US - The California Public Employees' Retirement System, the largest U.S. public pension, said private investment firms paid at least $125m to placement agents for help winning contracts to manage the fund's money.
The pension fund released more than 5,000 pages of documents it sought from fund managers detailing when they hired middlemen and how much they paid. To the best of the pension's knowledge, the top-earning agent was a firm run by former board member Alfred Villalobos, who received $58.9m in the last decade, as Calpers disclosed last year.
The documents show how much Wall Street firms paid middlemen to gain access to the $206bn fund. U.S. securities regulators are already probing influence peddling at the nation's $2 trillion public pension systems, and New York Attorney General Andrew Cuomo is investigating alleged kickbacks involving that state's pension.
"In light of recent questions raised about placement agents, we are working aggressively to take measures to provide transparency, adopt thoughtful reforms, and restore trust in our system," Anne Stausboll, Calpers' chief executive officer, said in a statement from Sacramento.
A former Calpers official, William Crist, received at least 516,933 euros ($748,000) from Governance for Owners, an investment firm in London, for his services, according to one document Calpers released. Crist left Calpers in 2003.
"My value to them, I suppose, was that my friends at Calpers knew I wasn't going to sell them a bill of goods," Crist, formerly the president of Calpers' 13-member board, said in a phone interview today from Turlock, California. "To suggest that I somehow convinced them to make an investment without doing due diligence doesn't give those people much credit."
Peter Butler, a London-based Governance official listed as a contact on the disclosure form released by Calpers, wasn't reachable by phone or e-mail after business hours. No one answered the phone at Governance's New York City after business hours.
In a letter to Calpers last year, also released, Butler said he didn't view Crist as "an intermediary, or even as an agent."
Pat Macht, the retirement fund's director of external affairs, said $125m is probably "the large majority" of the fees investment managers paid to win Calpers' business, and that it likely represents the 10 biggest earners. She said her staff didn't have a total for how much all the brokers earned.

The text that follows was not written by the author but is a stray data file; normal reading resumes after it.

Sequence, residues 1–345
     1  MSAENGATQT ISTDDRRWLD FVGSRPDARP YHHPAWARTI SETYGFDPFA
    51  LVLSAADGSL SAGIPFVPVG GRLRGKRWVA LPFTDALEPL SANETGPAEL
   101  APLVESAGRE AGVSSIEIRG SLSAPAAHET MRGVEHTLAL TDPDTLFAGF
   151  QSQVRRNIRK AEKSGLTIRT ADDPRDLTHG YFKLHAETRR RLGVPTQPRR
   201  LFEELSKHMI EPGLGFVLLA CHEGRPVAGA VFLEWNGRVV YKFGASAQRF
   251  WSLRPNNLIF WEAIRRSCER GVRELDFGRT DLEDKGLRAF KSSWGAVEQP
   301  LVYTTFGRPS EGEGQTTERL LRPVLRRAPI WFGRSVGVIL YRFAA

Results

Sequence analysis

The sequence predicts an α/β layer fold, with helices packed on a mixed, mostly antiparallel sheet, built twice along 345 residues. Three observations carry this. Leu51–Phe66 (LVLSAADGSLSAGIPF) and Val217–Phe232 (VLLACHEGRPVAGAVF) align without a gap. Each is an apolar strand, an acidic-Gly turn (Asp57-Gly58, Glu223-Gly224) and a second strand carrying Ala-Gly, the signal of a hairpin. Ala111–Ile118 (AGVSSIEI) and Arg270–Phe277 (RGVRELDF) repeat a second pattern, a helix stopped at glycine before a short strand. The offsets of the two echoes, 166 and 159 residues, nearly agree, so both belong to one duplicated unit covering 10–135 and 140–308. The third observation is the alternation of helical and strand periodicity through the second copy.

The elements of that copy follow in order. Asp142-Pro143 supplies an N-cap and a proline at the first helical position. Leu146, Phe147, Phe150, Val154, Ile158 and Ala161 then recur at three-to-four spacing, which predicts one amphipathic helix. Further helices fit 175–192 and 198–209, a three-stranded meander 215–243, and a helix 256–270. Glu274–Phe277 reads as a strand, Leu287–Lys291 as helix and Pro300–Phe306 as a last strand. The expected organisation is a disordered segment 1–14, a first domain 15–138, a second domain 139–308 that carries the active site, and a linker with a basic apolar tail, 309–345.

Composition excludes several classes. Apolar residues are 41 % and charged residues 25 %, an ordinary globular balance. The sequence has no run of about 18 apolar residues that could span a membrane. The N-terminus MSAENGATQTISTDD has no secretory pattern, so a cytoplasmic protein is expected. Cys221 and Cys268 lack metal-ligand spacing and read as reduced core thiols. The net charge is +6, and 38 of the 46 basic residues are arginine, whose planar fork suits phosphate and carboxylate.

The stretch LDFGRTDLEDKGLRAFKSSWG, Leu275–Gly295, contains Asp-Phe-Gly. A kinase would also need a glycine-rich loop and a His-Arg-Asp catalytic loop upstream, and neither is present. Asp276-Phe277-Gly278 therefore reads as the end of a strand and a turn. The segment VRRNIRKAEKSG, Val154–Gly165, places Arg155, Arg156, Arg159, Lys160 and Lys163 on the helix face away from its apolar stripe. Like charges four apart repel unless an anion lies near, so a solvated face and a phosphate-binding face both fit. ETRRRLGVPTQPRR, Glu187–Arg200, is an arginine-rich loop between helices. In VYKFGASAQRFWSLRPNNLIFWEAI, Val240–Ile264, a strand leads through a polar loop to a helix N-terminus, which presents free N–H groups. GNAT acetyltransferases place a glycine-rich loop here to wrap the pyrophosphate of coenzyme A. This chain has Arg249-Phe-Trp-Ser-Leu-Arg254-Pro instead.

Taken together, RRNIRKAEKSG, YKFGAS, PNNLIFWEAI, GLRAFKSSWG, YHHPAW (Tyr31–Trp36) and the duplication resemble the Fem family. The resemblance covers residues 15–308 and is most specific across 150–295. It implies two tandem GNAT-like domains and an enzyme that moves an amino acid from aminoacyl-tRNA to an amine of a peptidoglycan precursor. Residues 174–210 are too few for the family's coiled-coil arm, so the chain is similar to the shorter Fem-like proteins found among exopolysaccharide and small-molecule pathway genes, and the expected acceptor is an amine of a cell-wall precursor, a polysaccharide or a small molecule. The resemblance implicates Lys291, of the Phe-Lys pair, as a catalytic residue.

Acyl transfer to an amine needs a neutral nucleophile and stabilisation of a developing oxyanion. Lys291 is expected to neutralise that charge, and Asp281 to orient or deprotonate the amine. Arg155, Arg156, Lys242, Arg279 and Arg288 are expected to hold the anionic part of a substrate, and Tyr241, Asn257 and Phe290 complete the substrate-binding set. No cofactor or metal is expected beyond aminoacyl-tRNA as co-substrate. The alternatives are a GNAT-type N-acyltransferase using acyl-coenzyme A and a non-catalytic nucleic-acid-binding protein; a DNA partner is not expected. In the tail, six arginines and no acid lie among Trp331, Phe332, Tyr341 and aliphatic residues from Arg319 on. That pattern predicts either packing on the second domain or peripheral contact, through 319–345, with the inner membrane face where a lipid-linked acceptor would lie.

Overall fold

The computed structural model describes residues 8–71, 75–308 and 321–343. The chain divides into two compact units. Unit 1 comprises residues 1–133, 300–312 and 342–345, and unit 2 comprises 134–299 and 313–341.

The agents represent hedge funds, real estate money managers, private-equity firms and venture-capital companies.
Calpers' board in May asked its private investment managers to detail the extent to which they use placement agents. In October, the fund said it hired a law firm to investigate after discovering how much Villalobos had earned.
Private-equity funds run by Apollo Management LP, Ares Management LLC and Aurora Capital Group paid fees to Villalobos's company, Arvco Financial Ventures, according to documents Calpers released in October. Villalobos wasn't immediately reachable at his firm in Stateline, Nevada.
The California fund in May also passed rules requiring investment firms to disclose when they hire placement agents, how much those agents are paid and the services they perform. Firms are required to repay any fees from the state, or an amount equal to what they gave the placement agents, if they fail to reveal the relationships.
In December the board decided to seek a change in state law to put placement agents under the same ethics rules as lobbyists. The proposal would ban payments that depend on the outcome of investment actions and would require firms that hire the representatives to report to the California Secretary of State.
Governor Arnold Schwarzenegger signed a bill Oct. 11 requiring more disclosure by agents seeking state and local government pension fund business and lengthening so-called revolving door prohibitions.
Public retirement funds in New York state, New York City and New Mexico have banned the use of the brokers. New Jersey, Connecticut and Florida imposed new disclosure requirements last year on fund managers who use an agent.
The Pensions Regulator (TPR) and Financial Conduct Authority (FCA) have launched a refreshed ScamSmart campaign to warn savers about unsolicited pension communications.
Ann Harris OBE and Mike Dailly have been appointed non-executive directors at the upcoming single financial guidance body (SFGB).
Pension schemes are "placing too much focus" on a narrow section of the private debt market where competition is driving down "compelling opportunities", according to Willis Towers Watson.
Barnett Waddingham's head of business development Adrian Cooper has left the consultancy to join TPT Retirement Solutions in a newly-created role.